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Old Gold & Black

Old Gold & Black

Old Gold & Black

The do’s and don’ts of personal health

Sam Veremchuk collapses over his schoolwork.
Sam Veremchuk collapses over his schoolwork.

By: Elizabeth Terrell, Contributing Writer

“Have you found it difficult to go to class and do your work while you’ve been sick?” I asked my interviewee.

“Yes,” sophomore Hailey Gardner said, as she coughed up what was left of her lungs. “This weather has really sent my body for a spin.”

As soon as the words left her lips, she remembered an English assignment that was due the next day and miraculously jumped up from her would-be death bed.

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“Gotta go,” were her last feeble words as she hobbled out the door toward the library.

Several students, like Gardner, have been feeling the effects of the fluctuating weather this semester, especially as we approach the winter season. This rise in illness unfortunately coincides with those foreboding final exams that are coming up soon. So how do we combat physical illness during the most stressful time of the fall semester?

Nurse Practitioner Tammy Gilliam says, “Most of what we see in here is students not eating right, sleeping right or staying hydrated enough. These seem like really simple things, but they actually make a big difference. Rapid temperature changes also weaken your immune system, and so it is crucial that students are taking the utmost care of their bodies. Mental or emotional stress does similar damage to the body’s health and ability to fight off sickness.”

With this in mind, here are some helpful tips for students to fight off sickness and still be able to go to classes and do their work:

  1. Drink a lot of water. The average amount of water that a human needs to consume is about half a gallon per day. The best way to achieve this amount is to substitute sodas or coffee for water at each meal or before class. Although coffee or soda tastes better and gives you that boost of caffeine in the morning, your body will feel much better if you drink water instead.
  1. Write a schedule for your day in the morning or even the night before. This may seem unrelated to your physical health, but if you have a set plan of what you would like to get accomplished as far as school and other things go, it’s more likely that you will get to sleep at a reasonable hour.
  1. This brings me to Tip #3. Try to stay on a balanced sleep schedule. It’s hard to get that recommended seven to eight hours of sleep every night with schoolwork and other priorities. However, if you find yourself in bed at 10:00 or even 11:00 at night with nothing left to do, go to sleep. You may feel tempted to stay up and Netflix the night away until you can barely keep your eyelids open, but do not do this. You will wake up with that early morning Netflix hangover and regret it.
  1. Try to get your daily dose of Vitamin C. Zach’s doesn’t always offer food that’s enriched with vitamins and body-nourishing vegetables. However, if you can manage to grab an apple instead of chips for your side at lunch, your body will thank you. Vitamin C pills are also a fairly inexpensive way to maintain the daily recommended dosage.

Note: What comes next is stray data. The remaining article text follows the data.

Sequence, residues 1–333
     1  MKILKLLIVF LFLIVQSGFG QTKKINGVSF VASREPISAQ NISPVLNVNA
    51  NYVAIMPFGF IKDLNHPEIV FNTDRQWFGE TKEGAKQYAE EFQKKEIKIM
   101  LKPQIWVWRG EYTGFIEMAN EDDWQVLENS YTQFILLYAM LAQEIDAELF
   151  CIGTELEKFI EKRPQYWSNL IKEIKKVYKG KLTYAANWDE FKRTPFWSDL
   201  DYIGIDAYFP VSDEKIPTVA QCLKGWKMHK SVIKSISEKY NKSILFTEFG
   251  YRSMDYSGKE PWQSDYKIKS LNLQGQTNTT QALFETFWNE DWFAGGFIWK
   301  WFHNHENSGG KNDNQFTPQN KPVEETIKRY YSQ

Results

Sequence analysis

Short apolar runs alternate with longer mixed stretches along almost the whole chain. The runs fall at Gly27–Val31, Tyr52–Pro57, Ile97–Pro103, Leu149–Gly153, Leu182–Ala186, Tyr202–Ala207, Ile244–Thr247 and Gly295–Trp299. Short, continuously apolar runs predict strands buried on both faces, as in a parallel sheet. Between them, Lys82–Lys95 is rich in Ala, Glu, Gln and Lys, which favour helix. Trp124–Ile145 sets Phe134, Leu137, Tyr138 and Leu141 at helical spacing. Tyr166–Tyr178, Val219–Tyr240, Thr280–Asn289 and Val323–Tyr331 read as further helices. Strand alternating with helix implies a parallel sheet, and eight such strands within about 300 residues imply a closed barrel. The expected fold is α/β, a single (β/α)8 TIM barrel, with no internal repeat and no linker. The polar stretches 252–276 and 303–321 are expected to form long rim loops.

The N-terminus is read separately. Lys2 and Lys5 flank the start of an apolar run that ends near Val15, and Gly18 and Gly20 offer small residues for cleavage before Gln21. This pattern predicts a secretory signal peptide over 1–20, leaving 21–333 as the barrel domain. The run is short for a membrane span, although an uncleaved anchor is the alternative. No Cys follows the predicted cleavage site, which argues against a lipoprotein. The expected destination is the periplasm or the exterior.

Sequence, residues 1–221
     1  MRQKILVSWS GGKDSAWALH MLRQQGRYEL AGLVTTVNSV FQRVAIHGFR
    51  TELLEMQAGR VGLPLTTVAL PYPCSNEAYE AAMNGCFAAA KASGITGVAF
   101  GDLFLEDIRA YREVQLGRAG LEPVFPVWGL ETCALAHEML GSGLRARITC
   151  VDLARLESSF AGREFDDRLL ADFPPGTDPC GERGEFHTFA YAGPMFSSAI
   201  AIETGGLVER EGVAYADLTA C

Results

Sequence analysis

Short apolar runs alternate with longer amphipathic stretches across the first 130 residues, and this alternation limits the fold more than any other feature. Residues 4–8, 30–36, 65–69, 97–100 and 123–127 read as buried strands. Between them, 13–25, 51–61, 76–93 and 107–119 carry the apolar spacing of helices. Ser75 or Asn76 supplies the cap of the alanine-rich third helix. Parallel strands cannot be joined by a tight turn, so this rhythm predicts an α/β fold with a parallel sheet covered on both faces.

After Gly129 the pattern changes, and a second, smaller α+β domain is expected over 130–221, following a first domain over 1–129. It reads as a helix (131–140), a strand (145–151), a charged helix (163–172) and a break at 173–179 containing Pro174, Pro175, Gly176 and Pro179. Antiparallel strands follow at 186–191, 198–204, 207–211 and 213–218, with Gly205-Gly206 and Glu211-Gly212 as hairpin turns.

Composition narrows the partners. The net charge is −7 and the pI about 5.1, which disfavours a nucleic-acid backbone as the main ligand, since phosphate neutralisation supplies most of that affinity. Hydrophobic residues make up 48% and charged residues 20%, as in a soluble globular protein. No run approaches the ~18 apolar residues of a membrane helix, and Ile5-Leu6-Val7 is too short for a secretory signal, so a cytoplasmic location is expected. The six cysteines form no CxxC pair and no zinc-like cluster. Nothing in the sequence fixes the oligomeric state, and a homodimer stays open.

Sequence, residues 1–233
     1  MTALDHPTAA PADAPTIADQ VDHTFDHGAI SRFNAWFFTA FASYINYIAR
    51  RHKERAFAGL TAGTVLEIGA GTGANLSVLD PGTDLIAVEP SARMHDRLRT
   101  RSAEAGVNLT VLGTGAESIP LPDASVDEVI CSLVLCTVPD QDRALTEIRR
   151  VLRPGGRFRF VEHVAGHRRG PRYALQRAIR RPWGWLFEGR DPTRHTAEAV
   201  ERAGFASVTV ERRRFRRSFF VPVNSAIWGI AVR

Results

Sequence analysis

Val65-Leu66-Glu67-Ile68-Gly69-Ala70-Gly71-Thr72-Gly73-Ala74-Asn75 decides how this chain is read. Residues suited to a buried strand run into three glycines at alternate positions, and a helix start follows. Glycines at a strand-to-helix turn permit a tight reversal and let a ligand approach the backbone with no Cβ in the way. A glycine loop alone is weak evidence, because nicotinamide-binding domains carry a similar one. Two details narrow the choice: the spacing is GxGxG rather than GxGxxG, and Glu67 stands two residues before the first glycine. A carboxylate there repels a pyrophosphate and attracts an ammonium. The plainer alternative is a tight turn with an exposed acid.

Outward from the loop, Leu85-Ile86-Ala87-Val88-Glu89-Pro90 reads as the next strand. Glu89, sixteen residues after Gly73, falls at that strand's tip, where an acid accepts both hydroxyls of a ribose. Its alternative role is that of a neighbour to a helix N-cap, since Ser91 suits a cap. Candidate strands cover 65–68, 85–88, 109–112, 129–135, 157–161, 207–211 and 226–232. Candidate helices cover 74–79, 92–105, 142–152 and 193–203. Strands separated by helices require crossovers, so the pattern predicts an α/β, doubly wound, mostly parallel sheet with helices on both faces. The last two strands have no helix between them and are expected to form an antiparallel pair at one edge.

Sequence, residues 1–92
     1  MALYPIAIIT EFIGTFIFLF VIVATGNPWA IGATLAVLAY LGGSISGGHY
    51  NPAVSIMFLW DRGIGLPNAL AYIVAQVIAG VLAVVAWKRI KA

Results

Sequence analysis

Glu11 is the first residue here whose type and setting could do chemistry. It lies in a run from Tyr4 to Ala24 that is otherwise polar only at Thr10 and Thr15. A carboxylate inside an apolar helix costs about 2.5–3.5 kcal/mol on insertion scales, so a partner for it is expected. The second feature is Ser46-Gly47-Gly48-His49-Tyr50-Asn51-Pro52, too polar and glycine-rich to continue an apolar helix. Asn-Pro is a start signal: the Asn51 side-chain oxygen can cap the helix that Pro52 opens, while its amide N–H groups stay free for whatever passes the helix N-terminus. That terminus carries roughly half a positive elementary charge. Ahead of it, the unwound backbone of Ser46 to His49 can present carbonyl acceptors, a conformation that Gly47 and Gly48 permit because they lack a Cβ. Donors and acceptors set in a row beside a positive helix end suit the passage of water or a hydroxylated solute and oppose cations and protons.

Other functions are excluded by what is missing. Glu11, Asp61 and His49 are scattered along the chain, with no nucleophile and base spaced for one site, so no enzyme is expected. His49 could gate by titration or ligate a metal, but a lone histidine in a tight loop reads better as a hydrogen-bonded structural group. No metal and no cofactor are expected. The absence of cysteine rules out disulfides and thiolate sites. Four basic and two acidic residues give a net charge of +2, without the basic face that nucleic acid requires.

1. Listen to your body. If every fiber and molecule in your being is telling you not to go to that Art History class at eight-thirty in the morning (sleepiness does not count), and you know you can make up the notes, then miss the class and focus on recovering. It is more important that you get better than to try to go to all of your classes. Doing this could cause your body to get even sicker as you will expose yourself to more germs. This will cause you to miss even more classes in the long run.
  1. In reference to #5, wash your hands. Bring with you at least a full gallon of hand sanitizer everywhere you go. Well, not a full gallon. But do use hand sanitizer, particularly before eating. It seems silly and somewhat obvious, but it will help prevent the spread of germs to your body.
  1. If your stomach is feeling upset, at this point, you should drink a soda to settle it. The carbonation will help. Also avoid any and all dairy products (this includes the cream in your daily caramel double shot lattes).
  1. Dress according to the weather. Wear clothes that would be comfortable to wear if it’s less than 40 degrees outside or if it’s pouring rain. Bring an umbrella if you think it’s going to rain. Simple, right?
  1. If you’ve been battling a headache all day and the Ibuprofen isn’t working, put a warm cloth on your head after classes and keep your eyes away from harsh light. These harsh lights can come from bright computer screens, fluorescent ceiling lights or strobe lights accompanied with loud thumping music. Do your work somewhere comfortable where you can relax and feel less tense. Stress can very easily lead to headaches, so doing things to relieve your stress will usually keep those headaches away.
  1. Go to health services if you’re feeling ill. Yes, the Lord of the Rings-esque walk to that building alone is enough to deter people from going and, quite frankly, seems useless since they rarely give you a written excuse unless you’re missing a limb. At the very least, though, they can prescribe some medicine to help get you back on track and give you some more tips on how to take care of your body.

 

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